A document that certifies the cancellation or termination of an employment contract is known as a severance of employment certificate. Pursuant to Articles 50 and 89 of the PRC Labor Contract Law, if an employment contract between an employer and an employee is canceled or terminated, the employer must issue a document promptly certifying the cancellation or termination of the contract; if the employer fails to perform this obligation, it shall be liable for compensating the employee for any losses incurred therefrom. Apart from the aforementioned provisions, there are no further requirements stipulating how an employer is liable for compensation in any existing laws, administrative regulations or rules. This article analyzes through case study an employer’s compensation liability for withholding a severance certificate.
When the employment contract between Company A and its employee surnamed Zhang terminated on 5 May 2014 in Beijing, the company refused to issue a severance of employment certificate to Zhang. Zhang was later employed by Company B on 7 May 2014, which offered Zhang a monthly salary of RMB22,000. For several times, Zhang asked Company A for his severance certificate but Company A stubbornly declined. That prevented Zhang from producing a severance certificate to Company B under his employment contract with the company. On 30 May 2014, Company B terminated the employment contract with Zhang citing the absence of his severance certificate. After that, Zhang was offered another job opportunity by Company C, which again refused to enter into a formal employment contract with Zhang because the latter could not provide his severance certificate. Zhang brought a suit against Company A, claiming a total of RMB113,034,48 yuan (RMB22,000 per month) in damages, which was calculated on the basis of his loss of income from 31 May 2014 to the date when Company A issued the severance certificate (5 November 2014). Taking in account the amount of the claim, the court handed down an award of RMB 40,000 in damages.
In this case, the employee’s claim of damages from his ex-employer was based on the loss of expected income from his next employer. Although the evidence can well prove that the employee would not lose his new job but for the absence of his severance certificate, and the court agreed that the plaintiff did suffer losses, the plaintiff did not suffer any actual loss from performing services, because the plaintiff only had an expected interest in the job opportunities. In other words, the connection between the loss the employee suffered and the absence of his severance certificate is not complete or direct. The judge therefore used his discretion to award damages he thought fit and only partially supported the plaintiff’s claim.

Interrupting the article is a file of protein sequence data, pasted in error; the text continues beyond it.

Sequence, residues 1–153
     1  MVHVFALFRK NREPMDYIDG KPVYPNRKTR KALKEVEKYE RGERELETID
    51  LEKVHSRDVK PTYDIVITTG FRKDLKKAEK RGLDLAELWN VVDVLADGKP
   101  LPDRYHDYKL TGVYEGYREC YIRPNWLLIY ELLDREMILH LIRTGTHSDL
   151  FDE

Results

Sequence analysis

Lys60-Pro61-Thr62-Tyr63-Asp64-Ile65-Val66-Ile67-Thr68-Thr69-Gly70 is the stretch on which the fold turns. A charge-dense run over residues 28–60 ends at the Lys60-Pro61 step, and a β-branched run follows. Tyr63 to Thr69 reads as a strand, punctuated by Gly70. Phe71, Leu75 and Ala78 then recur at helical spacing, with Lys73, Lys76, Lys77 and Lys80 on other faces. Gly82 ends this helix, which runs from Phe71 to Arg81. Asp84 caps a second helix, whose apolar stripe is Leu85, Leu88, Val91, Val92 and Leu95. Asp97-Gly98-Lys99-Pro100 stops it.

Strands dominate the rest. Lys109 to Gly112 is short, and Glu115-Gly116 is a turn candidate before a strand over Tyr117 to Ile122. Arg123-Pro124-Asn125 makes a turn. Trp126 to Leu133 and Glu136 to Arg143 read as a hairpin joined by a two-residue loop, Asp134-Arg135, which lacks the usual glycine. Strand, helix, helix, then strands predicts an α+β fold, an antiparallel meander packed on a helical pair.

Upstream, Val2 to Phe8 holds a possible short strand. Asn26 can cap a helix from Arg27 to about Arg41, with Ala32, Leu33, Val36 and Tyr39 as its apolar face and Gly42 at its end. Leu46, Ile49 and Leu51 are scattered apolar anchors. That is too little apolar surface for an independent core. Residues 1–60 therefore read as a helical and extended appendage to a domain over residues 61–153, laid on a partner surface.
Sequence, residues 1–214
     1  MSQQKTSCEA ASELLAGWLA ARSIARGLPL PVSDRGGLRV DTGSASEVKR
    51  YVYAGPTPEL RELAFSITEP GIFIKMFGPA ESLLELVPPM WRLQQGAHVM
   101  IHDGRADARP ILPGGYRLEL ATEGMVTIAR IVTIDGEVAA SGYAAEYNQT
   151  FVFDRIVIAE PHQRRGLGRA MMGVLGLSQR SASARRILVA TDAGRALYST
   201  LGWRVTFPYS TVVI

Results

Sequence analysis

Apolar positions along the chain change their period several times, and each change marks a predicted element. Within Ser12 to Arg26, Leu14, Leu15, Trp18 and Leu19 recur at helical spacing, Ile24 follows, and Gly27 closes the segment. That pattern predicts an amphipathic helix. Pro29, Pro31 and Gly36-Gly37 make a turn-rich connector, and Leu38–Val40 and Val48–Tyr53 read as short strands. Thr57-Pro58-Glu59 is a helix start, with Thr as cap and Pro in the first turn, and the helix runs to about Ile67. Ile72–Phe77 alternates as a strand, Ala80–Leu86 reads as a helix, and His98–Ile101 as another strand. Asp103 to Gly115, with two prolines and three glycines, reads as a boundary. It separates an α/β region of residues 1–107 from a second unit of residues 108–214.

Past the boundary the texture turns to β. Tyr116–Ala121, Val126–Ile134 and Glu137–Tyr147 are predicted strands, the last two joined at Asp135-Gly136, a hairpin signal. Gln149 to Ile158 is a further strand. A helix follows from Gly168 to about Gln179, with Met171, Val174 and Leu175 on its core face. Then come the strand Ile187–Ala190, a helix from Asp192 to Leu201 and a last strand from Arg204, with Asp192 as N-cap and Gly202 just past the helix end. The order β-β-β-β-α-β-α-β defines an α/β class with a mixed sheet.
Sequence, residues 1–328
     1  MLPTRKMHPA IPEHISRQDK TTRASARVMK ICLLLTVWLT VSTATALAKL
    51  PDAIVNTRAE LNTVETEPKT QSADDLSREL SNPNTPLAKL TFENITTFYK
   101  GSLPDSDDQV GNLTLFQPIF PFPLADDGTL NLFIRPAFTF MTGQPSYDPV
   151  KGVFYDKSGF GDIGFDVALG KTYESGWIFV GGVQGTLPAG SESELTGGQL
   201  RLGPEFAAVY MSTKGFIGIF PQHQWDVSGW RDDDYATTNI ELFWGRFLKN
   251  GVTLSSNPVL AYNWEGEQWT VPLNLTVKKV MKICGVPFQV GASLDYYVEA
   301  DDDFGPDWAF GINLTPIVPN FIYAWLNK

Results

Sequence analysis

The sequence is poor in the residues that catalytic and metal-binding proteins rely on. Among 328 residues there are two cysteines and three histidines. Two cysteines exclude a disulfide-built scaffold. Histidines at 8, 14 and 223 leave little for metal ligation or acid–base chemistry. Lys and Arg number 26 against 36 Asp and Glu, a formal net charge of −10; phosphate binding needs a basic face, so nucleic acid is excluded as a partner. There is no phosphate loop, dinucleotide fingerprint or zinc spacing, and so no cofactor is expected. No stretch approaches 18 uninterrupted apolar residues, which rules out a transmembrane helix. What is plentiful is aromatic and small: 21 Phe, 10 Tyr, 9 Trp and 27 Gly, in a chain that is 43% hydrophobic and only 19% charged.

Generally speaking, a worker often chooses to find another job after leaving his or her ex-employer. Under Article 17 of the Notice of Implementing the Labour Contract System effective on 31 October 1996, an employer, in recruiting employees, shall examine their certificates of employment separation, or other documents that prove there is no employment relationship between the employee and any other employer. Though employers are not obliged mandatorily to perform the duty of examining severance of employment certificates, and dual employment relationships are not prohibited at present by the Labor Contract Law, quite a few employers demand severance certificates from prospective employees. If the ex-employer does not give the severance certificate in time, the employee may lose a new job opportunity. Based on this causal link between an employer’s withholding of the severance certificate and an employee’s loss of a re-employment opportunity, the employee may claim compensation for losses calculated on the basis of his or her former wages or wages offered by the new employer.